3. Me2

    Performance right for AM/FM/Pandora is long overdue in the US. Elegant Neanderthals, welcome to the 21st.

    • Remi Swierczek

      Radio is the best place for music discovery and with Shazams at our fingertips should be converted to music store. It would be unproductive to implement old European rules when technology allows for normal MARKET.

    • Versus


      Either proper radio payment will come at last, or it will become irrelevant as AM/FM radio dies out.

  4. Anonymous

    Can anyone explain the difference between “Market Oriented Standard (willing standard willing buyer)” and “Rates Negotiated on the Open Market”? Those sound exactly the same to me.

    • Other Chris H

      On this chart “Market Oriented Standard (willing standard willing buyer)” refers to the market concept that the Copyright Royalty Board uses to determine the statutory rates. They try to figure out what a fair market value would be, and then apply that as the statutory rate to all licenses of that type. “Rates Negotiated on the Open Market” means actual direct negotiations for licenses in cases where statutory rates do not apply, e.g. an artist and songwriter (or their representative label/publisher) would negotiate directly with a film studio for a synch license to use a song in a movie.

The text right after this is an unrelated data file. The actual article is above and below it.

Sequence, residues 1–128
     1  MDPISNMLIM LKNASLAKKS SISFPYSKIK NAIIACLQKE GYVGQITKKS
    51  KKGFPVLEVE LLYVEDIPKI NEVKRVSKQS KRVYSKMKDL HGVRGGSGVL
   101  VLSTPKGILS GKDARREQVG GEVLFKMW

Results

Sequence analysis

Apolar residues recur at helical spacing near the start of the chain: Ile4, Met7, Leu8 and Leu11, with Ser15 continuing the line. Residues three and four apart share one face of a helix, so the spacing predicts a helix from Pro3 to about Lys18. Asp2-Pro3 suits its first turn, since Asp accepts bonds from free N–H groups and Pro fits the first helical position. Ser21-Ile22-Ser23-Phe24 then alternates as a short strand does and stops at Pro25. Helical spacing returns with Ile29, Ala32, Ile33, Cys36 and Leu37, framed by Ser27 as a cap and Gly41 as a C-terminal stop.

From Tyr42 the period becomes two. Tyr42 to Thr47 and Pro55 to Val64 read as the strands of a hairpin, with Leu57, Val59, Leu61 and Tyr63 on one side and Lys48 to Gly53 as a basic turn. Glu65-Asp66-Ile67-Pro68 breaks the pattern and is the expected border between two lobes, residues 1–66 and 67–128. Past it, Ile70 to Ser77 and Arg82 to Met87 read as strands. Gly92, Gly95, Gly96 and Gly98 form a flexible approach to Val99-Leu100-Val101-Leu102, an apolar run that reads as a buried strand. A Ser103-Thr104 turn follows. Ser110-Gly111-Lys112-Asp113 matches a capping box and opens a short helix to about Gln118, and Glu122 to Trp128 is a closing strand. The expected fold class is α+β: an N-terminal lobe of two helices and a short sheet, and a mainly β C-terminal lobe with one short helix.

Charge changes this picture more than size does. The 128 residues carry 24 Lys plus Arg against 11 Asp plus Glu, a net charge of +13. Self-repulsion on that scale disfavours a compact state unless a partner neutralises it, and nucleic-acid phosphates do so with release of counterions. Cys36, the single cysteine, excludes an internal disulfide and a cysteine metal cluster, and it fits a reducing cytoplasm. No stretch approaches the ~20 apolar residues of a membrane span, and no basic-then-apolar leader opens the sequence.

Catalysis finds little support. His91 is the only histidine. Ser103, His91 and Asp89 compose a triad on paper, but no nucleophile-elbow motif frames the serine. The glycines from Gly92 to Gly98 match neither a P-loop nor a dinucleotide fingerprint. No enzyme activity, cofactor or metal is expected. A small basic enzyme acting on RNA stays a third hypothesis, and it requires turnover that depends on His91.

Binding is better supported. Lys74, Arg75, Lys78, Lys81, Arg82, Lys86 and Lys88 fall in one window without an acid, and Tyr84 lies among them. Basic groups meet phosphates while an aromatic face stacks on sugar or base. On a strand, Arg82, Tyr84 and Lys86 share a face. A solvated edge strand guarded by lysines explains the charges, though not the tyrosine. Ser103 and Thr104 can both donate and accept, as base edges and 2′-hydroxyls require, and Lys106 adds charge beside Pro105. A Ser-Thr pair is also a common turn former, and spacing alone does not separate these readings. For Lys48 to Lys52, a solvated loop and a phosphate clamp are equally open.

• Remi Swierczek

        In my world, artist or label could pay to put new tune to film or the advertisement.

        Discovery based acquisition would bring instant cash to both, regardless of the caliber or the fame of the artist.

        The only criteria for success would be the quality of the tune exposed to millions!

    • Name2

      Yay! A world without Google, Android, YouTube, terrestrial radio, and streaming services.

      But on the upside you’ll get a check for 75 cents instead of 24 cents.

      A fair trade-off, definitely.

    • John

      The PROs turn into MROs – meaning they can license more than just the public performances of works, they can license reproduction rights (mechanicals, etc.). The GMRO is a general MRO that can collect if the work is not associated with a MRO (similar to SoundExchange).

  5. Steven corn

    While this proposal gives more powers to rights owners to negotit certain rate, it does little to nothing to make it simplere for new music-based companies to launch. If more publishers are allowed to withdraw digital rights from either interactive or noninteractive services (or both), it will become incredibly difficult to launch another service like YouTube or Spotify legally.